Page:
In this case, Latino usually refers to geography, rather than language or ethnicity, as is broadly applied to most people that live in and around South and Central America, also sometimes collectively known as Latin America, hence the name.
This makes the term more specific to the countries in and around this geographical area and makes it distinct from the label of Hispanic in many ways.
- For example, someone who is from Spain, whilst being Hispanic, thanks to their language, would not be considered Latino, as they are not from Latin America.
- By the same token, countries such as Brazil, which are not Hispanic, as the official language is Portuguese, being a former colony of Portugal, would still be considered Latino, thanks to it being in the same region as other countries
We say that this term is used ‘broadly’, but there are some exceptions depending on who you talk to that should be noted.
For example, whilst countries such as the Bahamas, Haiti, and Jamaica are still geographically close to Latin America, they would probably not consider themselves to be Latino.
This can be for several reasons that are cultural and linguistic, as these other islands are not predominantly Spanish-speaking countries.
Use Of These Terms In Popular Culture And Media
Of course, these labels don’t simply appear in our popular culture out of nowhere. There is often a history behind how these terms become as widely known.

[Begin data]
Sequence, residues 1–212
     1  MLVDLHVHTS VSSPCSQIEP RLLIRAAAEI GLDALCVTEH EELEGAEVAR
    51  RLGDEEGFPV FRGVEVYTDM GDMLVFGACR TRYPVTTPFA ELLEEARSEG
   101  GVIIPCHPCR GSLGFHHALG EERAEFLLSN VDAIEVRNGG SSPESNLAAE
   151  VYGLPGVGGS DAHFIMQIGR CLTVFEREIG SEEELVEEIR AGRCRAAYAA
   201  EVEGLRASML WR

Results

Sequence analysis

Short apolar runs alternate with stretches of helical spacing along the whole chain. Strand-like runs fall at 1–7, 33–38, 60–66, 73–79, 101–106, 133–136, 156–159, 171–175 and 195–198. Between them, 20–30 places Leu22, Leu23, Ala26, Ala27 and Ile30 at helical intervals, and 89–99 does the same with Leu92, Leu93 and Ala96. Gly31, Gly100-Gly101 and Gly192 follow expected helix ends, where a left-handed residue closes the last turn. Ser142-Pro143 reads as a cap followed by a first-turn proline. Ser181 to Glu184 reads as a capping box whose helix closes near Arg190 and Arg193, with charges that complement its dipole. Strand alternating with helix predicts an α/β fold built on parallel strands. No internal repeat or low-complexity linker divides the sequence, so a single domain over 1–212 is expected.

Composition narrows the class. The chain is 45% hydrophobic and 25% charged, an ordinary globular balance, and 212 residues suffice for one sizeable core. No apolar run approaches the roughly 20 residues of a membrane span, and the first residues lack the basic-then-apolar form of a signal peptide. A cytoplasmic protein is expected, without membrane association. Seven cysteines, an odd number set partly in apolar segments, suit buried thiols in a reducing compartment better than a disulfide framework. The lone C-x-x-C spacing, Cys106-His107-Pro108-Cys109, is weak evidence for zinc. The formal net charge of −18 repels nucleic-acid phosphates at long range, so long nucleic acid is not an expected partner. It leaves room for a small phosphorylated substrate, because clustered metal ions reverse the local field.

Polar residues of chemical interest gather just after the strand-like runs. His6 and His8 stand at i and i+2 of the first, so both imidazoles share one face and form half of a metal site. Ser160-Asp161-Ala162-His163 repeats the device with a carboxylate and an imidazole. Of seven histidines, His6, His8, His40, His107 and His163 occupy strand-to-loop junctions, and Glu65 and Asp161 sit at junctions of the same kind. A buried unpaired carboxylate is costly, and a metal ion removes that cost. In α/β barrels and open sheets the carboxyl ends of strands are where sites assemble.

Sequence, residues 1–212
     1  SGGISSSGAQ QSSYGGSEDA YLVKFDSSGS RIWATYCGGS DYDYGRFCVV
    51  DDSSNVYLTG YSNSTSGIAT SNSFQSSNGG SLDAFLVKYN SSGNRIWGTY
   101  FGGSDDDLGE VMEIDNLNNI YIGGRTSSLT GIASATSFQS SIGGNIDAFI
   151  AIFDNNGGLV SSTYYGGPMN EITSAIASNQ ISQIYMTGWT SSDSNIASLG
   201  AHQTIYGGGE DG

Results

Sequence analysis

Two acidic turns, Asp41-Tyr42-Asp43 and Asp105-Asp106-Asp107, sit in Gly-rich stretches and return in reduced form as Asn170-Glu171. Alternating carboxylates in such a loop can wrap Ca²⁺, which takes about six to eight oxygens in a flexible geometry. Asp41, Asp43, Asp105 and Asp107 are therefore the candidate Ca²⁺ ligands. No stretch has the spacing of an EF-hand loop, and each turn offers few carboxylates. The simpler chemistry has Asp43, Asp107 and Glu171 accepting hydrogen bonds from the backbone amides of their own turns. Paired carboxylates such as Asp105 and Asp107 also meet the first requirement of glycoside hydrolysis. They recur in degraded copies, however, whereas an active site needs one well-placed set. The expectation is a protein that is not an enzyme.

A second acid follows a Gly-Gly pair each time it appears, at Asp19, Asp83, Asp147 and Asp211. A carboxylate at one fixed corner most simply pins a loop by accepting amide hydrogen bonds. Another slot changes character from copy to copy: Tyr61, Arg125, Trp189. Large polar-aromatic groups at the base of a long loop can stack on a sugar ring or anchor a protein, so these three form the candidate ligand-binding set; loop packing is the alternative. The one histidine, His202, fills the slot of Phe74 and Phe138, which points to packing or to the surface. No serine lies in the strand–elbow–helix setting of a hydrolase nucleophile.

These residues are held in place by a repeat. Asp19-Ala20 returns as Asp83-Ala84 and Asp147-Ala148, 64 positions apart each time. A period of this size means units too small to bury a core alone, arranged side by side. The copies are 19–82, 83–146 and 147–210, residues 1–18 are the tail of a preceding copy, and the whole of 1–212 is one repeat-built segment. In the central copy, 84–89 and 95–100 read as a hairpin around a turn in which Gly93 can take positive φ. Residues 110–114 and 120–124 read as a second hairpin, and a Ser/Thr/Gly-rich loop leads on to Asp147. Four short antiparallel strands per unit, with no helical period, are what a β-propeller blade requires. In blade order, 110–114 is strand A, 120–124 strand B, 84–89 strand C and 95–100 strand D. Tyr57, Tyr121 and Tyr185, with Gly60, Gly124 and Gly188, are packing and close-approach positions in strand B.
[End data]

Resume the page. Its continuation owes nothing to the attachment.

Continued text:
Generally speaking, it is widely accepted that the term Hispanic comes from the Latin word for Spanish, as the Roman Empire used the term Hispanicus to describe peoples from the Iberian Peninsula.
Over time, it would come to be applied to people who were likely descended from Spanish people who lived in the SouthWest of North America, before it was annexed by the United States.
As time passed, the term Hispanic would become popular in the United States, as communities of Mexican Americans would use it as a unifying term to help push for changes to issues surrounding poverty and discrimination in the 1960s.
By the 1980s, it would become a recognized aspect of the 1980s census, that also allowed people to place their ethnicity alongside their race.
The shared language also means that Spanish-speaking media such as music and radio is often shared across Hispanic people, creating a somewhat linked lived experience.
Latino has a relatively more recent history, and is essentially an abbreviation that was short for ‘Latinoamericano’.
It arose during the 19th century, as many former Spanish colonies started to fight for and gain independence from the Spanish Empire, such as in Argentina, Mexico, and Cuba, where this joint fight for independence unified these different colonies and cultures under a single shared history, as well as their geography.
Latino first appeared as an option for ethnicity in the 2000 US census and has since been used in some identification forms, such as birth certificates and driver’s licenses.
Latino is also a common term that non-Latin-Americans apply to various cultures and media that come from the region.
So, based on the information we have gathered and explained, we can say with some confidence that Cuba is certainly a Hispanic country, with Spanish being its main language and being a former colony of Spain.
And, depending on who you speak to at least, the term Latino would also be appropriately applied to people from Cuba.
Of course, you should check with your Cuban friend first, before you start throwing the term around!